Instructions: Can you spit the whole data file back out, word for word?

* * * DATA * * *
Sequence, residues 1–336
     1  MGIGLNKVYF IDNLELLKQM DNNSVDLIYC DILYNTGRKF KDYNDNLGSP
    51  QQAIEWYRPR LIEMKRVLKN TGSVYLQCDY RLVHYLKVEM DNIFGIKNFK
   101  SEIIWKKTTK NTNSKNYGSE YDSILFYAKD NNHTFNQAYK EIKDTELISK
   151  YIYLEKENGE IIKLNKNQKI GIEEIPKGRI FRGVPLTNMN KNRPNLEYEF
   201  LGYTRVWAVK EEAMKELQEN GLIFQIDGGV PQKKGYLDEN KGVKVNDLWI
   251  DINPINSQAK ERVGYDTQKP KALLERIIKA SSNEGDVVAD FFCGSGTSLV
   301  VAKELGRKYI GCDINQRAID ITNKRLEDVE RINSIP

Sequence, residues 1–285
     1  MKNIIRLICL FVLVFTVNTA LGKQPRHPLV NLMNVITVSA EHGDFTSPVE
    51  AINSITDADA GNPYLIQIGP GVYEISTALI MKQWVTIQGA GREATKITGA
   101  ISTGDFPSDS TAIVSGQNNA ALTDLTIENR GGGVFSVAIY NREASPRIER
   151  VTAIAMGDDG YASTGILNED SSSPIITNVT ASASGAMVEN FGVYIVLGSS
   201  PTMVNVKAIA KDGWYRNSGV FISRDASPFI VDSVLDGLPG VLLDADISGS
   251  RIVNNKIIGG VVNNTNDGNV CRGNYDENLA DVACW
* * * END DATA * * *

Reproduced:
Sequence, residues 1–336
     1  MGIGLNKVYF IDNLELLKQM DNNSVDLIYC DILYNTGRKF KDYNDNLGSP
    51  QQAIEWYRPR LIEMKRVLKN TGSVYLQCDY RLVHYLKVEM DNIFGIKNFK
   101  SEIIWKKTTK NTNSKNYGSE YDSILFYAKD NNHTFNQAYK EIKDTELISK
   151  YIYLEKENGE IIKLNKNQKI GIEEIPKGRI FRGVPLTNMN KNRPNLEYEF
   201  LGYTRVWAVK EEAMKELQEN GLIFQIDGGV PQKKGYLDEN KGVKVNDLWI
   251  DINPINSQAK ERVGYDTQKP KALLERIIKA SSNEGDVVAD FFCGSGTSLV
   301  VAKELGRKYI GCDINQRAID ITNKRLEDVE RINSIP

Sequence, residues 1–285
     1  MKNIIRLICL FVLVFTVNTA LGKQPRHPLV NLMNVITVSA EHGDFTSPVE
    51  AINSITDADA GNPYLIQIGP GVYEISTALI MKQWVTIQGA GREATKITGA
   101  ISTGDFPSDS TAIVSGQNNA ALTDLTIENR GGGVFSVAIY NREASPRIER
   151  VTAIAMGDDG YASTGILNED SSSPIITNVT ASASGAMVEN FGVYIVLGSS
   201  PTMVNVKAIA KDGWYRNSGV FISRDASPFI VDSVLDGLPG VLLDADISGS
   251  RIVNNKIIGG VVNNTNDGNV CRGNYDENLA DVACW